Anyway, with Jerusalem as the goal, Jesus sent some people to prepare a Samaritan town along their planned route for His arrival, but the townspeople rejected Jesus coming there when they heard that He had planned to continue to Jerusalem (Luke 9:52-53). The Samaritans, despite essentially sharing the same religion as the Jews, regarded their Temple on Mount Gerizim to be The Temple, as opposed to the one in Jerusalem. So we can understand why there would be some inhospitable hostility at the notion of Jesus going onto Jerusalem.

In Luke 9:54-56, we see how the news of the rejection is taken:
When the disciples James and John saw this, they asked, "Lord, do you want us to call fire down from Heaven to destroy them?" But Jesus turned and rebuked them, and they went to another village. NIV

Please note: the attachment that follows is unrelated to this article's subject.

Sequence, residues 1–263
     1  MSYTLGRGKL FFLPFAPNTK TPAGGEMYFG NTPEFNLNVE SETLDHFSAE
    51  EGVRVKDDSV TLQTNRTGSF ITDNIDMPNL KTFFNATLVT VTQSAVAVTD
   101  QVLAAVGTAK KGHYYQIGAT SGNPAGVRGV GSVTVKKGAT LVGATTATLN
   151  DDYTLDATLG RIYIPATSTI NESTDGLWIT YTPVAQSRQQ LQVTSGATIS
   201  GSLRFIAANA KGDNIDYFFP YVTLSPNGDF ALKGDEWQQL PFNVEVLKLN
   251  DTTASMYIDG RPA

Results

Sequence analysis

First, we should consider the idea of calling down fire from Heaven. This is not a new concept. God had rained down burning sulfur from Heaven on Sodom and Gomorrah (Genesis 19:24). Later, at Elijah's request, God had rained down fire from Heaven to kill over a hundred men (2 Kings 1:9-18).

So this is a Biblically consistent idea, but not a reality consistent one. It comes from a time when Heaven was thought to be the realm above the celestial ceiling that we gazed upon in the night and day. But really we are just a little blue marble, moving in the vastness of our solar system, which is poised in our gargantuan galaxy, which is situated in an incomprehensibly large universe. That makes the concept of anything raining down from a Heaven above laughable, other than meteorites, comets, and our own space junk.

As you can see, Jesus rebuked James and John for suggesting immediate divine punishment, but what exactly was that rebuke? It is not likely to have been a revelation that "Heaven" was not above them, given the Biblical view. Some people might think that this was an example of Jesus' mercy, or that Jesus' was rebuking their spirit of condemnation and retaliation. I do not think so.